Clicking, then, is a gift from God in that it serves as a way of objectifying the smallest movements of our minds and hearts. Every click is a small, but significant, external registry of the tiniest movements of our inner selves. Which means there is no such thing as a neutral click, swipe, or pinch. You’re choosing righteousness or unrighteous one touch at a time, both for your own soul and for our world.
And it’s not just about surfing to new urls. Everything that can be tracked online is increasingly being tracked, like what apps you open, and for how long, and where you click around in them. It matters not just who you follow, but whose profile you linger over, scroll through, and click to enlarge. Not only what thumbnails load onto your screen, but whose headshot you touch to get a better view.
And of course, there’s who you “like” and “follow” — who your account votes to help make influential, or keep famous. Who you let whisper into your ear with regular updates.
Learn to Bounce
Negatively, the implications are plain enough. Every unrighteous click expresses and encourages sin. Every sordid click casts your vote for more sordidness online.
An important lesson to learn online as Christians is that one bad click is no excuse for another. Whether you sinned in clicking somewhere you knew you shouldn’t, or clicked on a righteous headline only to find a page with an unrighteous ad, learn to “bounce.” Look to the top or bottom left of your browser and cultivate the reflex of clicking there when you discover you’ve made a poor click.
That’s another thing websites track: the bounce rate. Think of it as a small way to partially act against a bad vote you’ve already cast and can’t fully undo. Don’t linger. And don’t take it as an excuse to pause there in sin, or click further in. Yes, it would have been better not to navigate to the site, but it’s worse to click through to the second page at a bad site. Bounce.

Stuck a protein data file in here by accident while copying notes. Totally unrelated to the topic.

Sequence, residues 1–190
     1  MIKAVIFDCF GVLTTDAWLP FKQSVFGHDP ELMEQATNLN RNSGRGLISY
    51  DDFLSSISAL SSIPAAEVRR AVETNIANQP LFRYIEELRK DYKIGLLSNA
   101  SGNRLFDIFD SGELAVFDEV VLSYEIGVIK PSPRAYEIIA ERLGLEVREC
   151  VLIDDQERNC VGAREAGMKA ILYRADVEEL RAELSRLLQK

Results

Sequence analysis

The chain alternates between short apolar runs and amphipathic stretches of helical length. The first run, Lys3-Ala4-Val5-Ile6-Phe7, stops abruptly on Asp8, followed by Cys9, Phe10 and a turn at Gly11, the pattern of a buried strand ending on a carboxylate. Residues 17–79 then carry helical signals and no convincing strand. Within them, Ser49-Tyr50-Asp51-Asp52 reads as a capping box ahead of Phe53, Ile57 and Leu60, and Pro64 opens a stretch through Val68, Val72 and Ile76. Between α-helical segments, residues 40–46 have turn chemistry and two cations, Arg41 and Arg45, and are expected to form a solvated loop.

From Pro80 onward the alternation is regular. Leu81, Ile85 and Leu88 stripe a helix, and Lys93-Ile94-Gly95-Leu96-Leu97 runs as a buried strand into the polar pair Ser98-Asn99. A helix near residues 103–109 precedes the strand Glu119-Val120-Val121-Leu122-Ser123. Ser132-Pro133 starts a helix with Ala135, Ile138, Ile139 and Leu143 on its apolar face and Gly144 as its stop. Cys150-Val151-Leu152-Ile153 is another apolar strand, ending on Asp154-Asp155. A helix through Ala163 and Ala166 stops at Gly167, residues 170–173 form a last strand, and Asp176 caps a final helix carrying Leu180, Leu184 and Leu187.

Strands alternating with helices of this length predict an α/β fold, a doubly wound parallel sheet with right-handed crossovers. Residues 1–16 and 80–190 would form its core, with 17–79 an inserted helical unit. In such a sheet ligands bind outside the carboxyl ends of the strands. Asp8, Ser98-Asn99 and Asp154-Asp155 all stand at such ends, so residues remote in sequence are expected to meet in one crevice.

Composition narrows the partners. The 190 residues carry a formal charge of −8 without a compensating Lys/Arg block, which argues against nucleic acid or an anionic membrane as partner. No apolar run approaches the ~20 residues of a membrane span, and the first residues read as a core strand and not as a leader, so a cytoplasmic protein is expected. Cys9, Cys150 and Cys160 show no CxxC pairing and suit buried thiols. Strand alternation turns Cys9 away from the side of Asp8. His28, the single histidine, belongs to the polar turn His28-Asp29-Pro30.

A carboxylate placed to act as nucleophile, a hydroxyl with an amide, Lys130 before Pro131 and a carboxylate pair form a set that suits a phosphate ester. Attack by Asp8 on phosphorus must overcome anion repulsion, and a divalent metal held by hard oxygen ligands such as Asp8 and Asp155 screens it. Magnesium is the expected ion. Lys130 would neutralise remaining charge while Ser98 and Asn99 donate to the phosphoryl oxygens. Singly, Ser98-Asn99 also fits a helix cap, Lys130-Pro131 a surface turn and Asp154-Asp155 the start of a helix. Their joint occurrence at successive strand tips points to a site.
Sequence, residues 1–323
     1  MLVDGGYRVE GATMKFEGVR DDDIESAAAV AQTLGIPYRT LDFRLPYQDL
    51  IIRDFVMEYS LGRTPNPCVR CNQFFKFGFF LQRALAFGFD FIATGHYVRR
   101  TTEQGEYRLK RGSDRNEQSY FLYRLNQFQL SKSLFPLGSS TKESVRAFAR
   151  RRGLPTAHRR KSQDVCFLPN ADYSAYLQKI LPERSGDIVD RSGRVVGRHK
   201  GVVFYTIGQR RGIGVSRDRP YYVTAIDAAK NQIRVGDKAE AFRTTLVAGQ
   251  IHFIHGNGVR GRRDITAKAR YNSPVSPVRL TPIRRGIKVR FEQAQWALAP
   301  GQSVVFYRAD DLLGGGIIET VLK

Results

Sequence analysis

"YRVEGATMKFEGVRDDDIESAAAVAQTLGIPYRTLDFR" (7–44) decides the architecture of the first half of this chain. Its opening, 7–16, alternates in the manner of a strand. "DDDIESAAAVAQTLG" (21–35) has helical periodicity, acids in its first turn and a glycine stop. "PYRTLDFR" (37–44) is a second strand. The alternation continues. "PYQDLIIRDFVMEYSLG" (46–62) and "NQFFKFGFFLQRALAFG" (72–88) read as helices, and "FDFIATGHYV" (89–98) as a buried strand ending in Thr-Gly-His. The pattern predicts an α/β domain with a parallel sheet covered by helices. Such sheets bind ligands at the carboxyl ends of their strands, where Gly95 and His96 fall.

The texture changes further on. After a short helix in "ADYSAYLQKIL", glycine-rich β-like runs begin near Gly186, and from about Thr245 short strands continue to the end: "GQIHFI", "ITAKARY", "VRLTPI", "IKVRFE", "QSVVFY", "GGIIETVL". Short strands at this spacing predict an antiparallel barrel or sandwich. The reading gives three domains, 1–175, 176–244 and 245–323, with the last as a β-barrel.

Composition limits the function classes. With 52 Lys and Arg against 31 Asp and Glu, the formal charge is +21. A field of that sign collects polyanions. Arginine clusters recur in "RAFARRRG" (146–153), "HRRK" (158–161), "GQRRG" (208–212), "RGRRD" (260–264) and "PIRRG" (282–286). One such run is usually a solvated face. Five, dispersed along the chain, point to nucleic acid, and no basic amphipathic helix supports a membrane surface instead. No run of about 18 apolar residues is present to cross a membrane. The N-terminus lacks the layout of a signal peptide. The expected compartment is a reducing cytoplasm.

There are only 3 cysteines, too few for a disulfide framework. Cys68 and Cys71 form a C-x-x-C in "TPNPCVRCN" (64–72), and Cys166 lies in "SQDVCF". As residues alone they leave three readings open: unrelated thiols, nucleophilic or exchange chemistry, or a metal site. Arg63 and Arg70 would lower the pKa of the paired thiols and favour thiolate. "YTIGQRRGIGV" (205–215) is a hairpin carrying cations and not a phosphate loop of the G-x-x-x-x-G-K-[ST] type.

Every Click Is an Opportunity
We should beware the dangers, and learn not to surf passively, but don’t hear me saying I’m down on the Internet. I work for a web ministry. The existence of the Internet is part of what puts food on the table for my family. We should not only mind the dangers, but also open our eyes to the remarkable opportunities.
Every righteous click has some small righteous effect in our world. When you make a good click, you register a vote for righteousness. And what content you “share” will be seen by others who otherwise may not have seen it. What you “like,” and comment on, contributes to algorithms that serve up quality content to others, even people you do not know. Clicking alone will not complete the Great Commission, but it’s not irrelevant. You make the world a better or worse place with every click.
Who Are You Becoming?
Every righteous click also has a righteous effect on your soul. It’s not only an expression of who you are, but represents who you are becoming.
Every moment of every day, in every thought and feeling and word and deed, we are becoming who we will be. How you click always matters. Where you click is never removed from who you are and what you’re becoming. Every click makes you something new.
Every moment in life, and every moment online, is not only a peril, but an opportunity. “We all, with unveiled face, beholding the glory of the Lord, are being transformed into the same image from one degree of glory to another” (2 Corinthians 3:18). With God’s help, will you click from one degree of glory to another?